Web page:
• European banks are some of the most vulnerable to Turkey’s currency crisis
• Direct financial linkages are large, but the indirect exposure is much bigger
• Spanish lenders are most vulnerable, followed by French and Italian lenders
• The exposure is concentrated in some banks with relatively thin capital buffers
• Yet, the fallout from Turkey does not appear systemic at this point
As the trade war situation has now escalated we now see this as a key political shock. We expect China to retaliate vigorously to any fresh US import tariffs and see the likely battle ground as Foreign Exchange. China’s probable response would be to slash the exchange rate putting enormous pressure on a wide variety of countries and resulting in a major hike in the dollar. An FX War would certainly be damaging for stocks, perhaps bonds too, says Charles Dumas, Chief Economist at TS Lombard.
Despite a nominal depreciation against the dollar, the renminbi has exceeded last year’s highs vs the basket, says Bo Zhuang, Chief China Economist. Xi’s approach of claiming the moral high ground by defending globalization and openness leaves little room for speculation about a major devaluation of RMB in the near term to boost exports. We expect RMB CFETS index to move down towards 95-96 before yearend.
PBoC is moving towards a new interest rate-based monetary policy framework, says Bo Zhuang, Chief China Economist. Banks will increasingly have to fund themselves in the more competitive deposit markets. We expect the PBoC to slash RRRs by another 150bps before yearend. Recent policy moves also suggest a relaxation of unwanted policy tightness along with a less aggressive stance on financial deleveraging. We believe total credit growth will stop falling in 2018H2.
From a calendar perspective, the cycle is certainly old enough. From the perspective of what makes a cycle old – borrowings to finance capital expenditure – the cycle is still relatively young. The current flattening of the yield curve is a sign the economy is finally moving to the middle stages of the business cycle not the end. There is the possibility that by late 2019 the Fed will have pushed rates high enough to begin slowing growth, as it chases rising inflation. If, however, capital spending grows a lot faster than anticipated by the markets and the Fed, this cycle has a lot further to run.
There are increasing concerns about whether disappointing euro-area data since the start of the year reflect a ‘soft patch’ or instead mark the start of a more serious period of economic weakness. We remain optimistic. We think that the underlying picture is of an economy that continues to grow at a healthy pace and still has significant cyclical upside. Some brief points from our quick take on euro area Q1 GDP data realised this morning –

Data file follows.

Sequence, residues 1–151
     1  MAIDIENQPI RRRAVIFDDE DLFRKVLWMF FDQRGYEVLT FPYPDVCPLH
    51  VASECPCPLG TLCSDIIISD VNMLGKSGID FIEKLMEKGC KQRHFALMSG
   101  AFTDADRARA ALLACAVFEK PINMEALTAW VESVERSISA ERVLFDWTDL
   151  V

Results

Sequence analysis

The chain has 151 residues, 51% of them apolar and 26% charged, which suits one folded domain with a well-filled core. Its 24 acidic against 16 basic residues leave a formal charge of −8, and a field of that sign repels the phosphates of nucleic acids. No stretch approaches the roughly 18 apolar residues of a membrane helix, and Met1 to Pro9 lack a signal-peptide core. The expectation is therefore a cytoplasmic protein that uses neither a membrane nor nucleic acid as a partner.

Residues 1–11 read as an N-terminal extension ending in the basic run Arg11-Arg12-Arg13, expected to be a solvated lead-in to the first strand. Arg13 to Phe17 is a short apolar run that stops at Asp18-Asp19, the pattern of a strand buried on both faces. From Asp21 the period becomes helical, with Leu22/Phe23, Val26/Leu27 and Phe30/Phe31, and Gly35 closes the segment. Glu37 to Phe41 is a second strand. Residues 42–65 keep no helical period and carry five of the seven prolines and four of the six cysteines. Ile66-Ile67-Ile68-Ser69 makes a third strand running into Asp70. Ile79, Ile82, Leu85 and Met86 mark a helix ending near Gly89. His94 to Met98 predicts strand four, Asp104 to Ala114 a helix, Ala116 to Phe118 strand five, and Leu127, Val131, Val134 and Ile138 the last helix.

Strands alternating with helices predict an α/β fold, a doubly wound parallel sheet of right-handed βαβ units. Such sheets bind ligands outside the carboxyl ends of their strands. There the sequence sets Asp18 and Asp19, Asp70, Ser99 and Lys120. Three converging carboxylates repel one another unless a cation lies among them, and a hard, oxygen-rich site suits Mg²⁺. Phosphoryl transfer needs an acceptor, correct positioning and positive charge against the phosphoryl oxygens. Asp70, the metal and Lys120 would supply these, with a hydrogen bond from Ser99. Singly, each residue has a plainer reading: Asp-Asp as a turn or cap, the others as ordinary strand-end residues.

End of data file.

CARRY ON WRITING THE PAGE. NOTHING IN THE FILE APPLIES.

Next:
The latest tit for tat measures do not amount to a Trade War, but are nonetheless warning shots, says Jon Harrison, Managing Director EM Macro Strategy. Even if there is no full on Trade War, investors should pay attention to supply chain risks. The US objective of preventing Chinese technological development is unrealistic, which leaves the trade deficit as the most likely way for the US to claim victory. A negotiated settlement remains likely, but in the meantime, the US has yet to formulate a coherent negotiating strategy – and its chaotic negotiating style will ensure that markets remain on edge.
Charles Dumas, Chief Economist comments on:
For market-moving geopolitical risk, Syria matters less than the “geo” element in the US-China ‘trade war’ saga, says Christopher Granville, Managing Director EMEA and Global Political Research. Tariff tit-for-tat is a sideshow compared to US anxieties about Chinese leadership in advanced technology. This will make expected deals tricky to finalise – and precarious. In short, here is a long-term geopolitically-based volatility driver.
Oliver Brennan, Senior Macro Strategist, discusses the US' maneuvering to reduce its trade deficit with major trading partners, and to weaken the dollar. But if the troubles go too far it could induce a risk-off move.
Martin Shenfield, Senior Macro Strategist at TS Lombard views the recent market selloff as a healthy correction. There are 4 fundamental reasons for this:
The short-term risks to the market as rising real bond yields and currency swap basis. The medium-term risk is a genuine bubble developing which central banks will have to clean up.
Steve Blitz, Chief US Economist at TS Lombard on the Fed: Financial Stability Not Inflation to Drive Fed Policy
Steve Blitz, Chief US Economist at TS Lombard talks on US Growth: Tailwind from tax cuts helps Capex lead a strong Growth Year.
Hear what our Chief US economist Steve Blitz and our Senior Macro Strategist Ollie Brennan have to say about currency markets, the impact of the Trump tax cuts, and offshore dollar liquidity.
Larry Brainard, Chief Emerging Markets Economist, highlights our best calls from 2017 as well as what to expect in 2018.
Charles Dumas, Chief Economist, on TS Lombard's outlook for 2018.
TS Lombard was formed in September 2016 following the merger of Lombard Street Research and Trusted Sources.
We have a 29 year track record of successful calls. Many of these calls combined economic, political and market analysis.READ MORE